On October 30, organized by Chief Justice of the Superior Court Tina Nadeau, New Hampshire state legislators and stakeholders from throughout the criminal justice system gathered to discuss solutions for New Hampshire’s high recidivism rates and skyrocketing costs of incarceration. Also in attendance was former state Representative Jerry Madden of Texas who, during his time in the Texas Legislature, championed sensible, evidence-based criminal justice reforms.
“It was tremendously helpful having Jerry participate in the discussion. His experiences in Texas, his work with Right on Crime, and his knowledge of the approaches taken by states across the nation helped focus the discussion on workable criminal justice programs that have demonstrated their success,” commented Representative Jordan Ulery (r-Hudson/Pelham). “New Hampshire needs to focus its public safety resources on proven solutions that hold our criminal justice programs and spending accountable.”
Texas has led the nation in reforming its criminal justice system. In 2007, faced with the projected need of over 17,000 new prison beds at a cost of $1.13 billion, Texas was tasked with correcting its criminal justice problem without building new prisons. Led by former Representative Jerry Madden, the state examined the factors driving their prison population and, instead of building new prisons, funded treatment programs for nonviolent offenders and increased in-prison treatment programs. These reforms lowered the rate at which offenders returned to prison by getting to the root cause of criminality. As a result, Texas was able to avoid $2 billion in costs that would have been incurred had the state simply built and operated more prison beds. Since then, numerous states including Georgia, Arkansas, Ohio and Kentucky have adopted similar reforms. Said Representative Ulery; “We need to spend our tax dollars where the greatest results can be achieved.”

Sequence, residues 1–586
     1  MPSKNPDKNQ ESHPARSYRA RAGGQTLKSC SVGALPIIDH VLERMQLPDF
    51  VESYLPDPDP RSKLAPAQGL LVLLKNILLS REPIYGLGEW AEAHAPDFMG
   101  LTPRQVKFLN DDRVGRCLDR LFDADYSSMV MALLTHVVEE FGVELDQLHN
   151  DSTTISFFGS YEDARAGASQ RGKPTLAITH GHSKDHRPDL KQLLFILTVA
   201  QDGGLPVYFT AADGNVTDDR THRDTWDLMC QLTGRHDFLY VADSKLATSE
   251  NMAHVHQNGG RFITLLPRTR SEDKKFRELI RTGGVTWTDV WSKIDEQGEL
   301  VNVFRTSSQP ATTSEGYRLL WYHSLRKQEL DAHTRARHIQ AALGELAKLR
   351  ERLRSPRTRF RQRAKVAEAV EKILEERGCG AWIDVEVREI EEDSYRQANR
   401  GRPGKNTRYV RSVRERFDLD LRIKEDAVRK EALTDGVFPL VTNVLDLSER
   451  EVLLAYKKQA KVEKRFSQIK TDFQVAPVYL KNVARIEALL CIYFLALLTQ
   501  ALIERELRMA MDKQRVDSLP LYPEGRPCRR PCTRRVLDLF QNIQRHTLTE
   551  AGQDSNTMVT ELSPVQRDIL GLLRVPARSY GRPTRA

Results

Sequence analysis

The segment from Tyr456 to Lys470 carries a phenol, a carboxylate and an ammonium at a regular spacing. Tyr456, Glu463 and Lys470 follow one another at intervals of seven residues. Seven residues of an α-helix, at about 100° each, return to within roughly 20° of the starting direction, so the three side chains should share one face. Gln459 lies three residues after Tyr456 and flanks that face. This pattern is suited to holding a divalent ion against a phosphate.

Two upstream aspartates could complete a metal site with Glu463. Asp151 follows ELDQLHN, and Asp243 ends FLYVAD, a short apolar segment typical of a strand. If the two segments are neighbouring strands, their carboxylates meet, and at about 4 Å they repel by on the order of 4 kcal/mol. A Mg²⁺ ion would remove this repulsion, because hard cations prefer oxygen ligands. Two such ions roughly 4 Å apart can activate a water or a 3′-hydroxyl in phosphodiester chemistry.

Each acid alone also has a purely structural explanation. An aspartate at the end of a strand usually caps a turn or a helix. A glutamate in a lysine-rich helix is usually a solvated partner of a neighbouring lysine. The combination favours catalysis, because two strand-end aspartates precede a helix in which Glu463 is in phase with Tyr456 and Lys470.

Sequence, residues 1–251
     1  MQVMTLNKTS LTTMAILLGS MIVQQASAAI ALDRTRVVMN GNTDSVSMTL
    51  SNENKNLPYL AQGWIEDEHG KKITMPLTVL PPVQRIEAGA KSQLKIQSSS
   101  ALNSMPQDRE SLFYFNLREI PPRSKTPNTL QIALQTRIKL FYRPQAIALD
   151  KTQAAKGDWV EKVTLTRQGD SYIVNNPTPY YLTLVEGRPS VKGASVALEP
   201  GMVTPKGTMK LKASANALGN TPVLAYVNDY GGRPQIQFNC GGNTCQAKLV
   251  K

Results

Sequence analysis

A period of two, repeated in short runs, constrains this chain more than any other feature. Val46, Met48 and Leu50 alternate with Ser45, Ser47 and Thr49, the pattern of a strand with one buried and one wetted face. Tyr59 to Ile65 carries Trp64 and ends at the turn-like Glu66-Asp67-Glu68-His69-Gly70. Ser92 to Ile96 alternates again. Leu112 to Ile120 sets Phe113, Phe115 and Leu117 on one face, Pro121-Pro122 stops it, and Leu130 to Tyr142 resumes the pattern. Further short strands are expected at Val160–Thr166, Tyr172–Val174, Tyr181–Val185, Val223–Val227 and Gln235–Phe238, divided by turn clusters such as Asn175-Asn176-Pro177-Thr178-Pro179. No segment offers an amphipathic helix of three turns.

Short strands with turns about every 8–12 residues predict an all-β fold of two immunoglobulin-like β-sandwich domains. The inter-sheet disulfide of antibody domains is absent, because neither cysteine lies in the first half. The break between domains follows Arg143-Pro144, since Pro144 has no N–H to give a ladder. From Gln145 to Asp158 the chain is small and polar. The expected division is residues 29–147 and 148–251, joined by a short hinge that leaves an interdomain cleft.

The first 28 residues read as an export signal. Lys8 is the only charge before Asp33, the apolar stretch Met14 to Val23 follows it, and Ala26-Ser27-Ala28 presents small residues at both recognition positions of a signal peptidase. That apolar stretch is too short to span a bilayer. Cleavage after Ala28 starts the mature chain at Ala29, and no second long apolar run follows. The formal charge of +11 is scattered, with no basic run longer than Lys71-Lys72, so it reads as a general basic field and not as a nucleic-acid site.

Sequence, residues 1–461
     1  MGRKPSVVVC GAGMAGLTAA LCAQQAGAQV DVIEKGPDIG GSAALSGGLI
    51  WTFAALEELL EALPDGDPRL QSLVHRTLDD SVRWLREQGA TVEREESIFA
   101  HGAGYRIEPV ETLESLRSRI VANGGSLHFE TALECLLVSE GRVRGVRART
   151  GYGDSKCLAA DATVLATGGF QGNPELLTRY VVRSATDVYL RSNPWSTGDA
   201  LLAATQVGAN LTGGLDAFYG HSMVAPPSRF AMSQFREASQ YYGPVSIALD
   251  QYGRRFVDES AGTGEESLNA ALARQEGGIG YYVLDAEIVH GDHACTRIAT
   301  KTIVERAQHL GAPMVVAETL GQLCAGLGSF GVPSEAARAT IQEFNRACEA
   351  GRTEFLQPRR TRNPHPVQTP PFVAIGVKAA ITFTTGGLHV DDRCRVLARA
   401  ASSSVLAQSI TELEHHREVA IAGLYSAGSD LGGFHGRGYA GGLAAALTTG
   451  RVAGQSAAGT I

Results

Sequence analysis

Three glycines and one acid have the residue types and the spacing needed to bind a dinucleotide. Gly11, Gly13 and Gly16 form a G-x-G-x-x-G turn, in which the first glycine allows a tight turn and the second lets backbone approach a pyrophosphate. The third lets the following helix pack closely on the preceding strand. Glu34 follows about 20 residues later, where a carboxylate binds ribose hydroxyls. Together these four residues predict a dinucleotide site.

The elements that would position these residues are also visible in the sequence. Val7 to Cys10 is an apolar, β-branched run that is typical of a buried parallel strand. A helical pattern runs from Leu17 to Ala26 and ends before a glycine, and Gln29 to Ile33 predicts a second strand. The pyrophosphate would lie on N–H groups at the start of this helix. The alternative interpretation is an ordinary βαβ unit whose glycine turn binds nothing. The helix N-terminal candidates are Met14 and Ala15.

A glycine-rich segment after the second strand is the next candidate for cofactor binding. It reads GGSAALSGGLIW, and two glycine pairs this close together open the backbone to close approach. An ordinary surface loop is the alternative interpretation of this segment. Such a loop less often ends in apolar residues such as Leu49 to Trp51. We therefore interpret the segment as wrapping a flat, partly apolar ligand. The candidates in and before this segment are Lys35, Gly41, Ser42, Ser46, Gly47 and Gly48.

Conservative organizations such as the American Legislative Exchange Council and Right on Crime have worked on similar policy solutions that emphasize individual accountability, protect public safety by focusing prison space on violent offenders, and provide nonviolent offenders with the programming and resources they need to get back on their feet and keep them out of prison.
The discussion attendees planned to hold a follow-up meeting, review additional data on what solutions have worked in other states, and expand the number and scope of shareholders included in the discussions.